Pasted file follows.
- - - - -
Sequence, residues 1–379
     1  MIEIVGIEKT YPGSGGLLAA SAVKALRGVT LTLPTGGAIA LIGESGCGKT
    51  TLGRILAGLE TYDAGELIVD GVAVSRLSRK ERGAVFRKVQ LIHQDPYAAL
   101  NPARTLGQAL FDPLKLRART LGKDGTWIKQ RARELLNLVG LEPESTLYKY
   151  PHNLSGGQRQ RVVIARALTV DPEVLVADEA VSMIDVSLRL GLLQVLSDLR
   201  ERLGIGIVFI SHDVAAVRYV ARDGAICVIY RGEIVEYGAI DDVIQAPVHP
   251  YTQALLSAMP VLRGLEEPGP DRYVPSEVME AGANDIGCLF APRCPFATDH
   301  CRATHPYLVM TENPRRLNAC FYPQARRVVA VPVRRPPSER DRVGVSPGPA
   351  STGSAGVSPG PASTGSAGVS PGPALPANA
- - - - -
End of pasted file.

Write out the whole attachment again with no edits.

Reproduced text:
Sequence, residues 1–379
     1  MIEIVGIEKT YPGSGGLLAA SAVKALRGVT LTLPTGGAIA LIGESGCGKT
    51  TLGRILAGLE TYDAGELIVD GVAVSRLSRK ERGAVFRKVQ LIHQDPYAAL
   101  NPARTLGQAL FDPLKLRART LGKDGTWIKQ RARELLNLVG LEPESTLYKY
   151  PHNLSGGQRQ RVVIARALTV DPEVLVADEA VSMIDVSLRL GLLQVLSDLR
   201  ERLGIGIVFI SHDVAAVRYV ARDGAICVIY RGEIVEYGAI DDVIQAPVHP
   251  YTQALLSAMP VLRGLEEPGP DRYVPSEVME AGANDIGCLF APRCPFATDH
   301  CRATHPYLVM TENPRRLNAC FYPQARRVVA VPVRRPPSER DRVGVSPGPA
   351  STGSAGVSPG PASTGSAGVS PGPALPANA